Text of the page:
The High Court on Friday made a ruling that parents have no legal obligation to consult their children in the sale or transfer of inherited property. The ruling follows a petition by two siblings to stop their father from disposing of a piece of land he had inherited.
The court ruled that parents do not automatically hold inherited property in trust for their children. This means a parent is not obliged to consult their children in the transfer or sale of land including its subdivision.
Deciding on the matter, Lady Justice Grace Kemei said the claim of customary trust must be proven beyond reasonable doubt.
The two siblings had taken the matter to the Murang’a Lands court seeking a declaration to make the sale of land by their father null and void. In addition, they had wanted a court to the registrar of lands requiring cancelation of the title issued to the buyer and a reversion of title to the original owner.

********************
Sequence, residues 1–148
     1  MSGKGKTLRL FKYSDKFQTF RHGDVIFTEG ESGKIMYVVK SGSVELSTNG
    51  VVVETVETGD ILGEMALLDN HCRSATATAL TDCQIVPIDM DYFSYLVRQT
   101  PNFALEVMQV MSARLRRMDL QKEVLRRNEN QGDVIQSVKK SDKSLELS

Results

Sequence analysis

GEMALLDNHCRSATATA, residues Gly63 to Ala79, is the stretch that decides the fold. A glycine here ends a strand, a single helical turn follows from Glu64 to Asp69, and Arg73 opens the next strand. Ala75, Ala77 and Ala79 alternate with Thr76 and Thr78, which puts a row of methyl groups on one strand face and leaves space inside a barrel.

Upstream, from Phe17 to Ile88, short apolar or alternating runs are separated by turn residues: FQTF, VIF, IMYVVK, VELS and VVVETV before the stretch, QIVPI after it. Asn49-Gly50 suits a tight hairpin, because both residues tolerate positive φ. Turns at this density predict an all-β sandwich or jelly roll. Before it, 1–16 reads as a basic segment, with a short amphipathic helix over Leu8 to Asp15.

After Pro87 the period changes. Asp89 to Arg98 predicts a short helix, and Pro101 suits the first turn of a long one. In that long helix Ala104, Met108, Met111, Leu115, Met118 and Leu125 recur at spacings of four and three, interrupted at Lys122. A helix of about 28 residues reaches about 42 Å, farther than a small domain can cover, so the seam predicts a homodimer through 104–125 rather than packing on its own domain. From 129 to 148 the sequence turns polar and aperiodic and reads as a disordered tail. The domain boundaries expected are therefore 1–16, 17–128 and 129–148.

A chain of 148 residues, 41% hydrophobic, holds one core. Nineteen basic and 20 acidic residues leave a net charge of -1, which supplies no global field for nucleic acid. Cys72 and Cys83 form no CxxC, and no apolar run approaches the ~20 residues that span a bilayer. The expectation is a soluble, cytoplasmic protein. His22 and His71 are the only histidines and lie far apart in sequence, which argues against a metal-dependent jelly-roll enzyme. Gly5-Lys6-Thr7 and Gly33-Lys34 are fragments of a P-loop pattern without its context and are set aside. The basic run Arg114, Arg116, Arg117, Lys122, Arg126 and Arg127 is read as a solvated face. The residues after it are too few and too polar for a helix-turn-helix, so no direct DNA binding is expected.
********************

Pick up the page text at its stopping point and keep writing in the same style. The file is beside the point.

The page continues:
Justice Kemei ruled that the siblings’ right to inherit title to the land can only mature upon the death of their father if he had retained the land. Consequently, the buyer retained exclusive rights over the acquired property.
The judge also ruled out the siblings’ claim that the land was matrimonial property, saying that such a claim could only be made by a spouse and not the children. The siblings’ mother was not interested in pursuing the case.
The siblings had accused their father of conducting a fraud and illegality in selling the ancestral land, and the blamed the buyer for purchasing the property with the knowledge that it was the only piece of land held by their parents.
However the court found that the plaintiff had failed to prove the existence of trust or to establish evidence of ancestral ownership. In the circumstances, the court dismissed the claims as mere allegations.
“Fraud must be pleaded and prove to the required standards which is beyond a balance of probabilities and slightly below the standard required in criminal cases,” said justice Kemei.